## Peirce’s 1870 “Logic of Relatives” • Comment 8.3

### Peirce’s 1870 “Logic of Relatives” • Comment 8.3

I continue with my commentary on CP 3.73, developing the Othello example as a way of illustrating Peirce’s formalism.

It is critically important to distinguish a relation from a relative term.

• The relation is an object of thought which may be regarded in extension as a set of ordered tuples known as its elementary relations.
• The relative term is a sign which denotes certain objects, called its relates, as these are determined in relation to certain other objects, called its correlates.  Under most circumstances the relative term may be taken to denote the corresponding relation.

Returning to the Othello example, let us consider the dyadic relatives $^{\backprime\backprime} \text{lover of}\, \underline{~~~~}\, ^{\prime\prime}$ and $^{\backprime\backprime} \text{servant of}\, \underline{~~~~}\, ^{\prime\prime}.$

The relative term $\mathit{l}$ equivalent to the rhematic expression $^{\backprime\backprime} \text{lover of}\, \underline{~~~~}\, ^{\prime\prime}$ is given by the following equation.

$\begin{array}{*{13}{c}} \mathit{l} & = & \mathrm{B} \!:\! \mathrm{C} & +\!\!, & \mathrm{C} \!:\! \mathrm{B} & +\!\!, & \mathrm{D} \!:\! \mathrm{O} & +\!\!, & \mathrm{E} \!:\! \mathrm{I} & +\!\!, & \mathrm{I} \!:\! \mathrm{E} & +\!\!, & \mathrm{O} \!:\! \mathrm{D} \end{array}$

In the interests of simplicity, let’s put aside all distinctions of rank and fealty, collapsing the motley crews of servant and subordinate under the heading of a single service, denoted by the relative term $\mathit{s}$ for $^{\backprime\backprime} \text{servant of}\, \underline{~~~~}\, ^{\prime\prime}.$  The terms of this unified service are given by the following equation.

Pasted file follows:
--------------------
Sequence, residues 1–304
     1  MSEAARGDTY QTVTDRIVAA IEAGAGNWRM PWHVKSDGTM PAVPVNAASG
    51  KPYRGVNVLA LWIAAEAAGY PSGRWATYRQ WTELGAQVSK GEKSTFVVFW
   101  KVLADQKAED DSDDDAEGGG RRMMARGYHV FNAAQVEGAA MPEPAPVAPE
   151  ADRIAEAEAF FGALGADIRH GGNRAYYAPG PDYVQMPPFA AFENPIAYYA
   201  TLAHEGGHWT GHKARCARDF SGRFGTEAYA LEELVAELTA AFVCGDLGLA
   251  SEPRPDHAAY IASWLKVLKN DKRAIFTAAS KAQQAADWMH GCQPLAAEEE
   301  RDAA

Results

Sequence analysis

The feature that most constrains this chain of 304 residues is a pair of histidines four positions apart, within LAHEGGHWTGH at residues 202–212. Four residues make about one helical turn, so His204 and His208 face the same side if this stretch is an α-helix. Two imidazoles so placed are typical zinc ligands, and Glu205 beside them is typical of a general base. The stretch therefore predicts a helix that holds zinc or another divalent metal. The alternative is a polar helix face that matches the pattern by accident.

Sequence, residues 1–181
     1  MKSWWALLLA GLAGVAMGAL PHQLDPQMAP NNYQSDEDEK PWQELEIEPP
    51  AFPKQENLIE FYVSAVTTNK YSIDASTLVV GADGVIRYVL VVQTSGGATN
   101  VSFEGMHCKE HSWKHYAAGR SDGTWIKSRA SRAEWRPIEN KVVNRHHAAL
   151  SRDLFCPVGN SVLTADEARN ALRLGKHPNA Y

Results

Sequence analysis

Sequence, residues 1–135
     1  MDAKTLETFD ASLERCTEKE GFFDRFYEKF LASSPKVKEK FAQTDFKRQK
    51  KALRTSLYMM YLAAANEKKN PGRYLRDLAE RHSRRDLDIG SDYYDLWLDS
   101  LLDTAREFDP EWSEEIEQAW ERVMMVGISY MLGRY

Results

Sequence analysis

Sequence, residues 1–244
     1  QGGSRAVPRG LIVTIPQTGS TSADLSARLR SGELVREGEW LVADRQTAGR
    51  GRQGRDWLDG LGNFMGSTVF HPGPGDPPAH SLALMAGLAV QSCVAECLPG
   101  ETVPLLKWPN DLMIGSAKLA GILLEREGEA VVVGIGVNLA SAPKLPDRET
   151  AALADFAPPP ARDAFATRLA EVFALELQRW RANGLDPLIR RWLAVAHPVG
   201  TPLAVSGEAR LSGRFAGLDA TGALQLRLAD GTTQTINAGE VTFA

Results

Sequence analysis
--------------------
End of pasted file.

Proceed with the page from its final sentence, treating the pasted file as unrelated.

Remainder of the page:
$\begin{array}{*{11}{c}} \mathit{s} & = & \mathrm{C} \!:\! \mathrm{O} & +\!\!, & \mathrm{E} \!:\! \mathrm{D} & +\!\!, & \mathrm{I} \!:\! \mathrm{O} & +\!\!, & \mathrm{J} \!:\! \mathrm{D} & +\!\!, & \mathrm{J} \!:\! \mathrm{O} \end{array}$

The inclusion of $\mathrm{I} \!:\! \mathrm{C}$ under $\mathit{s}$ might be implied by the plot of the play but since it is so hotly arguable I will leave it out of the toll.

One thing more we need to watch out for:  There are different conventions in the field regarding the ordering of terms in their applications and different conventions are more convenient under different circumstances, so there’s little chance any one of them can be canonized once and for all.  In our current reading we apply relative terms from right to left and our conception of relative multiplication, or relational composition, needs to be adjusted accordingly.

### Resources

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